Then of course, besides Fascists, there are Zionists. As with many other old CP types, poor Pete had a soft spot for Fort Zion, and actually broke with his old collaborator the Rev Frederick Douglass Kirkpatrick over the latter’s support for the Palestinians.

(Full disclosure: I knew Kirkpatrick slightly, in his last years, and liked him very much. There’s a little doorway to a basement apartment in my neighborhood, which I pass a couple of times a week, where Rev Kirkpatrick lived in those days. Sunt lachrimae rerum. Too many places in my nabe are now associated with those who have gone before. Time to move, perhaps.)

Another old pal of mine has a different and more fond connection with Pete, and we spent some time talking about Pete purely as songwriter. It was borne in upon me — depressingly enough — that I never much liked his songs either.

‘Where have all the flowers gone’ is so associated in my mind with early — and mostly unsuccessful — attempts to get laid that I can’t begin to say whether it’s any good or not. Usually I relish the elegiac mode but there’s something a little too weepy about this one. Even for me.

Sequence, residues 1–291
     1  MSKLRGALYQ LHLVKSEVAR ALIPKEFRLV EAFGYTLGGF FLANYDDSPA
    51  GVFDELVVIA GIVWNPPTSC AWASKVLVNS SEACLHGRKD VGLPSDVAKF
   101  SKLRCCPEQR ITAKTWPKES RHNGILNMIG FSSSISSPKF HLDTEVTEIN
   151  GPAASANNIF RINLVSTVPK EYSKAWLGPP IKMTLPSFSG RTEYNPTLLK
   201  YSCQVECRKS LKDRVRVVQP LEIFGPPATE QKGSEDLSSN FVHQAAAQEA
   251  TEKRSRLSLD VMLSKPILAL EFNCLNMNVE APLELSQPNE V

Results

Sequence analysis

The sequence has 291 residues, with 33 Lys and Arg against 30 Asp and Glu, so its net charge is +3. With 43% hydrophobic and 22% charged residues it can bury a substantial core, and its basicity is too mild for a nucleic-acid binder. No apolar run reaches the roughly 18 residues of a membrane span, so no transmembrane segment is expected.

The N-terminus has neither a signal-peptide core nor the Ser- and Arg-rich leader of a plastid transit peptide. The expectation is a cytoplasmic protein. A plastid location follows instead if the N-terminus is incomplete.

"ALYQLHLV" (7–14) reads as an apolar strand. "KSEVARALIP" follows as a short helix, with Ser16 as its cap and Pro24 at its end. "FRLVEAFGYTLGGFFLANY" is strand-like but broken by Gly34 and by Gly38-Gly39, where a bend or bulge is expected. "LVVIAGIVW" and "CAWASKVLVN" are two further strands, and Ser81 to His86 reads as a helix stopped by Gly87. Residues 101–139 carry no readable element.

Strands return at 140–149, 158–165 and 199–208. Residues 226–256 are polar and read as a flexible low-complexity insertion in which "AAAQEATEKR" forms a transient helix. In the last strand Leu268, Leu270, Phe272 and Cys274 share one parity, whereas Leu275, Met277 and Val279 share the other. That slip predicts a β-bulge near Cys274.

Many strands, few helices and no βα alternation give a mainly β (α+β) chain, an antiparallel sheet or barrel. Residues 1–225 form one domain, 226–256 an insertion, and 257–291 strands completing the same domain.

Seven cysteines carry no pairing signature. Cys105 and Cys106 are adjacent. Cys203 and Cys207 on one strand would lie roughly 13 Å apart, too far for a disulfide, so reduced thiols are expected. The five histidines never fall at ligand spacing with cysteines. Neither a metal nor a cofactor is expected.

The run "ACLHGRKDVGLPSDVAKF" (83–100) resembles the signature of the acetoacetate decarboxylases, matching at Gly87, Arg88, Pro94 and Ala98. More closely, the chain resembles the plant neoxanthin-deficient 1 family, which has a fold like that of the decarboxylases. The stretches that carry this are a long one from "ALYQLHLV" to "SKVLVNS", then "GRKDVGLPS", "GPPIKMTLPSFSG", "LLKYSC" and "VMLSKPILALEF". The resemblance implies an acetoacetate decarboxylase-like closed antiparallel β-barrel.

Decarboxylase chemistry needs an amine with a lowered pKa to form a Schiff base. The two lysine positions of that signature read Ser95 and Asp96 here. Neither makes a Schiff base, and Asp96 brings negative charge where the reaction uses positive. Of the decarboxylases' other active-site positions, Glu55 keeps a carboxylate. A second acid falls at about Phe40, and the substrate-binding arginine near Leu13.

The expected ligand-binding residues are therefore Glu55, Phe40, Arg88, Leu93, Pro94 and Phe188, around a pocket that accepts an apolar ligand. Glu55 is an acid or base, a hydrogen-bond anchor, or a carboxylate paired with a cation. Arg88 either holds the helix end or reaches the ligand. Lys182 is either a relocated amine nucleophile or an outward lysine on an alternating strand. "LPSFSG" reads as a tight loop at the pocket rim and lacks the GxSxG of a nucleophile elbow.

Always loathed ‘If I had a hammer’. Too many abstract nouns. Somebody please explain to me how you’re supposed to ‘hammer out love’.

‘Little boxes’ seems smug, and the lip-smacking way Seeger pronounced ‘ticky-tacky’ always made my skin crawl.

‘Waist deep in the Big Muddy’ might actually be my favorite, but even that has some strangely inartistic touches — like the painstaking explanation of the fatal creek’s hydrography; as if the Big Fool’s error was that he didn’t do his geography homework.

But Seeger was an energetic and convincing performer, whose presentation could make you overlook the weaknesses in the material. And undoubtedly he did more good than harm.